Their hearts and ears did greet
  As never was by mortal finger strook,        95
    Divinely-warbled voice
    Answering the stringèd noise,
  As all their souls in blissful rapture took:
The air, such pleasure loth to lose,
With thousand echoes still prolongs each heavenly close.        100
 
X

    Nature, that heard such sound
    Beneath the hollow round
  Of Cynthia’s seat the airy Region thrilling,
    Now was almost won
    To think her part was done,        105
  And that her reign had here its last fulfilling:
She knew such harmony alone
Could hold all Heaven and Earth in happier union.
 
XI

    At last surrounds their sight
    A globe of circular light,        110
  That with long beams the shamefaced Night arrayed;
    The helmèd Cherubim
    And sworded Seraphim
  Are seen in glittering ranks with wings displayed,
Harping in loud and solemn quire,        115
With unexpressive notes, to Heaven’s newborn Heir.
 
XII

    Such music (as ’tis said)
    Before was never made,
  But when of old the Sons of Morning sung,
    While the Creator great        120
    His constellations set,
  And the well-balanced World on hinges hung,
And cast the dark foundations deep,
And bid the weltering waves their oozy channel keep.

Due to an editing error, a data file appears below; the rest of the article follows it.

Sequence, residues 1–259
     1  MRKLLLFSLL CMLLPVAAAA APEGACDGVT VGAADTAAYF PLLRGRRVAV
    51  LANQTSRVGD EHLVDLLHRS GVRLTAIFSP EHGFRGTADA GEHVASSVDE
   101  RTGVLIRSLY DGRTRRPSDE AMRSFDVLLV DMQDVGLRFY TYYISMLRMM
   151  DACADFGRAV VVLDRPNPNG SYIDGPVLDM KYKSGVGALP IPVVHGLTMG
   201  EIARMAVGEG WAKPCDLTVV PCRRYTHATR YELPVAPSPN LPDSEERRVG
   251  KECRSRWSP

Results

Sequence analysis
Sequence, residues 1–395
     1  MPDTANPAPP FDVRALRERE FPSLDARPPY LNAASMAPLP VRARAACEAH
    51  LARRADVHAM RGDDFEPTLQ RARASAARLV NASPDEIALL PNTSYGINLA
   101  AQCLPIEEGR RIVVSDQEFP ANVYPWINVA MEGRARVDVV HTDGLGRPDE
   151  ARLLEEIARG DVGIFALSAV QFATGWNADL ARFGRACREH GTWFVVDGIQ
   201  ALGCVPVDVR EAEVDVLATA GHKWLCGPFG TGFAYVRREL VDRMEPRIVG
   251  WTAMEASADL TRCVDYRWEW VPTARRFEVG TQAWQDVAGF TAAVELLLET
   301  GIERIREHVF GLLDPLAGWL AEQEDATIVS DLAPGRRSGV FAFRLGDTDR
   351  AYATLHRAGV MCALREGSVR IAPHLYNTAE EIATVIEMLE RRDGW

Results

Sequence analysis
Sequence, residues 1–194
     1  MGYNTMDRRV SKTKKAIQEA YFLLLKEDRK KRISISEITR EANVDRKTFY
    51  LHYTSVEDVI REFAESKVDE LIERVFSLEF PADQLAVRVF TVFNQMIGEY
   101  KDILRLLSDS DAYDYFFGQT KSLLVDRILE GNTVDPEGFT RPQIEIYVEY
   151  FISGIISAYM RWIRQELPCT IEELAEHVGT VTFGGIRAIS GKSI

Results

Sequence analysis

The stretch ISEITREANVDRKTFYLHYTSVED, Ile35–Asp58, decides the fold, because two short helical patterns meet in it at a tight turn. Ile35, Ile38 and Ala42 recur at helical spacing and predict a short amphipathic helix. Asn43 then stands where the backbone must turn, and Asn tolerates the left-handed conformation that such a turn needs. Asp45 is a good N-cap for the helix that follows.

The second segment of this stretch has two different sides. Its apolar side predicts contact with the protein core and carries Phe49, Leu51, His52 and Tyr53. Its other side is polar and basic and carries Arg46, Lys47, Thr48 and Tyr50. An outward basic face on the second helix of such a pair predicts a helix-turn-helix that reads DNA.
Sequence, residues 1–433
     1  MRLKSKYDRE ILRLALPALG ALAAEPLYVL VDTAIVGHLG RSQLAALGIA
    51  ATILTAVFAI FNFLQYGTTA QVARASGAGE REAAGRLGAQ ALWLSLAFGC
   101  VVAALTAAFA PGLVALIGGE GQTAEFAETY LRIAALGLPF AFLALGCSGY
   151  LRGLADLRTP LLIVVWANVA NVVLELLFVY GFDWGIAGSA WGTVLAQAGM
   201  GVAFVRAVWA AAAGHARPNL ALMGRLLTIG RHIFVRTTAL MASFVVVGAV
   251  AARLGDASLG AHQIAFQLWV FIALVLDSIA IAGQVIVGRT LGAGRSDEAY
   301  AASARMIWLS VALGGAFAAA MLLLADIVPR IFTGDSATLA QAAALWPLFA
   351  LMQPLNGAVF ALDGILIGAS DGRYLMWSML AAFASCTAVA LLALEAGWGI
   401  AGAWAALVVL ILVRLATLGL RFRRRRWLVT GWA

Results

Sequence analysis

XIII

    Ring out, ye crystal spheres!
        125
    Once bless our human ears,
  If ye have power to touch our senses so;
    And let your silver chime
    Move in melodious time;
  And let the bass of heaven’s deep organ blow;        130
And with your ninefold harmony
Make up full consort of the angelic symphony.
 
XIV

    For, if such holy song
    Enwrap our fancy long,
  Time will run back and fetch the Age of Gold;        135
    And speckled Vanity
    Will sicken soon and die,
  And leprous Sin will melt from earthly mould;
And Hell itself will pass away,
And leave her dolorous mansions of the peering day.        140
 
XV

    Yes, Truth and Justice then
    Will down return to men,
  The enamelled arras of the rainbow wearing;
    And Mercy set between,